Jaramillo: No, I haven’t heard that. I’d emphasize that we mostly hear about them from the perspective of a 10-year-old boy, and when Olivia is narrating, she is more critical of her mother. I also have to tell you: I wanted to portray a very loving family. Justin, Olivia’s boyfriend, says that the universe takes care of all its birds, and what I meant is that yes, Auggie has a lot to deal with but at least he has this great family unit who adores him unconditionally. If you read between the lines, there are some cracks and stresses in that marriage, but these parents are functional in that they try to hide that part of it.
Slate: The character we don’t hear from, in the first person, is Auggie’s nemesis, Julian. He remains for us, I think, essentially a rotten kid with rotten parents. Did you think about telling any of the story from his point of view?
Jaramillo: I did. I started writing a chapter from Julian’s point of view, but the biggest problem Julian has is that he doesn’t want to get to know Auggie. So I found he was hijacking the story by turning it into his own. And you know, writing in Julian’s voice, a lot of mean stuff came out on the page, and I didn’t want to give a platform to a bully. And for me to give him an epiphany about Auggie—that didn’t feel true to Julian’s character or to life. Not everyone can change in a year. I wanted Julian to cheer for Auggie, but I thought, no, if I’m telling the truth then Julian would be fuming or not getting it.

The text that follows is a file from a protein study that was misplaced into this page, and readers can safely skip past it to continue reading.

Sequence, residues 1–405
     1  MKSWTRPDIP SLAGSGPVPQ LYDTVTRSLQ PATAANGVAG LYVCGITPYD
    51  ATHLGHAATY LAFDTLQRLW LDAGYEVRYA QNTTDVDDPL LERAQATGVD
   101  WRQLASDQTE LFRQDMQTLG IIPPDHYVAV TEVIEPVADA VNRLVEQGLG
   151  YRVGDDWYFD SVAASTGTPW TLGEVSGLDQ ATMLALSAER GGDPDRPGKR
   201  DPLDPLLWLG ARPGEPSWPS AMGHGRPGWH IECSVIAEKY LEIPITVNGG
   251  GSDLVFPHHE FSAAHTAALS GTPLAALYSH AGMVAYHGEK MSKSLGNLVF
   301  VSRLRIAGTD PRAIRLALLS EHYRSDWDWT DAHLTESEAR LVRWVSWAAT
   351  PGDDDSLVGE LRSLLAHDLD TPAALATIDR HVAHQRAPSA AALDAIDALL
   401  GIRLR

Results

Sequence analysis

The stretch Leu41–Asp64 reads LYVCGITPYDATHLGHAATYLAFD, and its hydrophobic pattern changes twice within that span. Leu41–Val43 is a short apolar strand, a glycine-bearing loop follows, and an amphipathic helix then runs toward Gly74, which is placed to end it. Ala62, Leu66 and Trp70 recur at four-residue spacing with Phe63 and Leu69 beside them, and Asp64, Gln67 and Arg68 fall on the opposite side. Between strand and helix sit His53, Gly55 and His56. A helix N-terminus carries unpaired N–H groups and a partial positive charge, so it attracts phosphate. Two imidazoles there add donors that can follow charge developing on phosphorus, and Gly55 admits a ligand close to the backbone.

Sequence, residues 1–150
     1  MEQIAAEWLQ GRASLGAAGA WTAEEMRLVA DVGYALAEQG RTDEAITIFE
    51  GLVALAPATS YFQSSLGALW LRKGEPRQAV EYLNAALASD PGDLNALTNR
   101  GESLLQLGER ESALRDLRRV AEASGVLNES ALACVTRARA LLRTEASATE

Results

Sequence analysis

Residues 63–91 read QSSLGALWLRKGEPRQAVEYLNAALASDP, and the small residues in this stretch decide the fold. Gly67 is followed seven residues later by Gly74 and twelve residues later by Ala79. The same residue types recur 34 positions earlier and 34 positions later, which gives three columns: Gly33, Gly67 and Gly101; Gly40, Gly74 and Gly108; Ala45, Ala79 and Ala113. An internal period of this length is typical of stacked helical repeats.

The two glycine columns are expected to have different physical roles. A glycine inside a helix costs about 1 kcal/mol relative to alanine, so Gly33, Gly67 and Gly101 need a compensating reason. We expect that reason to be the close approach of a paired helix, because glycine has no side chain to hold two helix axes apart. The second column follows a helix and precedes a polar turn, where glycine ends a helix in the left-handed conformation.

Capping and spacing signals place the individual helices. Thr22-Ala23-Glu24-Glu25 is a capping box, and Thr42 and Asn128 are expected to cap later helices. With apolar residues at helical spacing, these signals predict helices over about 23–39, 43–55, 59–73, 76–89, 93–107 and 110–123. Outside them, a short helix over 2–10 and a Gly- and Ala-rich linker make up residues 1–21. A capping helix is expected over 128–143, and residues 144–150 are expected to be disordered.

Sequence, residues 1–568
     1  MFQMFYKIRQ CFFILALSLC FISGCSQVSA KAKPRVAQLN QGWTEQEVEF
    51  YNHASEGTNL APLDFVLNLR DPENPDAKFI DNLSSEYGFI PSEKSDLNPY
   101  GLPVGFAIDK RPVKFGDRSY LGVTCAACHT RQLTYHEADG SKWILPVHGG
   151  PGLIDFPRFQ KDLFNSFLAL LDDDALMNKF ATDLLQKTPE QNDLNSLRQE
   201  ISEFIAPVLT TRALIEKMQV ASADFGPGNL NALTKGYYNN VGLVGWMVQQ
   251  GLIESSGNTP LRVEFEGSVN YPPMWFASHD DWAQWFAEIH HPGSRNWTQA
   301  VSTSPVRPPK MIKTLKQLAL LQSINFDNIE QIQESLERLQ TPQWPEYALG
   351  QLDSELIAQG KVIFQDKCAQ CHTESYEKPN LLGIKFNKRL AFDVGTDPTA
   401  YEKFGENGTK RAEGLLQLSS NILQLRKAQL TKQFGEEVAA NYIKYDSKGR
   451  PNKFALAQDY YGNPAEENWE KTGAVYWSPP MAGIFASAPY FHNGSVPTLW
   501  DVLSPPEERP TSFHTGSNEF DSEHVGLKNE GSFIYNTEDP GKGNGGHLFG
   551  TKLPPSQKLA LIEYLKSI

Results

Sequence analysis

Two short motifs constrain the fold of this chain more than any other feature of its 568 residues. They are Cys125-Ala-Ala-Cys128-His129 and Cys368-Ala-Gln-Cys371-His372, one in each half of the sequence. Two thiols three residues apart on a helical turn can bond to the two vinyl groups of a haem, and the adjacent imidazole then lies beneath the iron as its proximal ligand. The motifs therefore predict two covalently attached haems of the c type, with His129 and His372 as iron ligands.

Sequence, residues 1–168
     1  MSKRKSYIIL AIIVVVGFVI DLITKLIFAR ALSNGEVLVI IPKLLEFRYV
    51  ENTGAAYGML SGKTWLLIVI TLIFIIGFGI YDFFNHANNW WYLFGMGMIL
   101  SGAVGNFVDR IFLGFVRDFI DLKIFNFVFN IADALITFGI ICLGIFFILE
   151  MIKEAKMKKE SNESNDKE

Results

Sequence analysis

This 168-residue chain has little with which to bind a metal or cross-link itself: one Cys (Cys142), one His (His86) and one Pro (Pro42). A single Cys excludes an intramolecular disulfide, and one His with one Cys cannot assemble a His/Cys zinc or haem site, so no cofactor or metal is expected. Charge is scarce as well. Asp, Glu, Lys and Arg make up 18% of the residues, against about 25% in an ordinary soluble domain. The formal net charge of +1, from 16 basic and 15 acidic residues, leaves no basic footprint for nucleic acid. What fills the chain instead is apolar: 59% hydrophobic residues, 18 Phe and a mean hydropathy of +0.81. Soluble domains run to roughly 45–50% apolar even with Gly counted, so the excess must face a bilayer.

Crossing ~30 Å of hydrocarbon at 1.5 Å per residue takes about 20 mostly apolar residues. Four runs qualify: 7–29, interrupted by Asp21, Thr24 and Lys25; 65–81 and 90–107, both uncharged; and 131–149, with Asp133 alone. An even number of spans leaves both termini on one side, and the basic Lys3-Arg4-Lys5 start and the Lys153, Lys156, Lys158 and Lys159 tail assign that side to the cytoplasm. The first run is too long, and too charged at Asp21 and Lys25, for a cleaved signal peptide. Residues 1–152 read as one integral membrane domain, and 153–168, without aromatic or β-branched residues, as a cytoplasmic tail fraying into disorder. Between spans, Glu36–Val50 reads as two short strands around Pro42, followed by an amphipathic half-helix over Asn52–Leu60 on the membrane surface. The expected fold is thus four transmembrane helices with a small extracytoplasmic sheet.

Slate: One of the great strengths of this book—maybe my favorite thing about it—is that you show people who love Auggie saying terrible things to him and about him. Olivia doesn’t want him to go to her school play. When his friend Jack says he would kill himself if he looked like Auggie—to other kids, in the cruelest way—Auggie overhears him. It’s a crushing moment. But Auggie recovers, and his friendship with Jack recovers! Why?
Jaramillo: That was definitely a deliberate choice on my part. I remember being a kid, and I think most adults have this moment, when you think about something you wish you hadn’t said and it still makes you shudder. Also, I wanted to say something about forgiving people: about how you can move on when a friend is mean for a couple weeks—even really mean—and then turns around. I wanted to show all the range we have as people.
Slate: Right. One way I think you do that is to show how the attitude toward Auggie at school gradually softens.
Jaramillo: Yes, the kids themselves get tired of it, of the chorus of meanness. I think there also comes a moment in a lot of kids’ lives when they decide, who am I going to be? I don’t like the way I feel when I’m with this mean kid. Sometimes it’s a painful moment because you have to choose to be alone.
Slate: How have kids with facial anomalies, or disabilities, responded to the book?
Jaramillo: I’ve gotten the most amazing emails and notes and blog posts. I’ll send you one. You know, a lot of people are surprised I don’t have a child with this kind of condition. But I really do think all of us can imagine what it would be like if we try.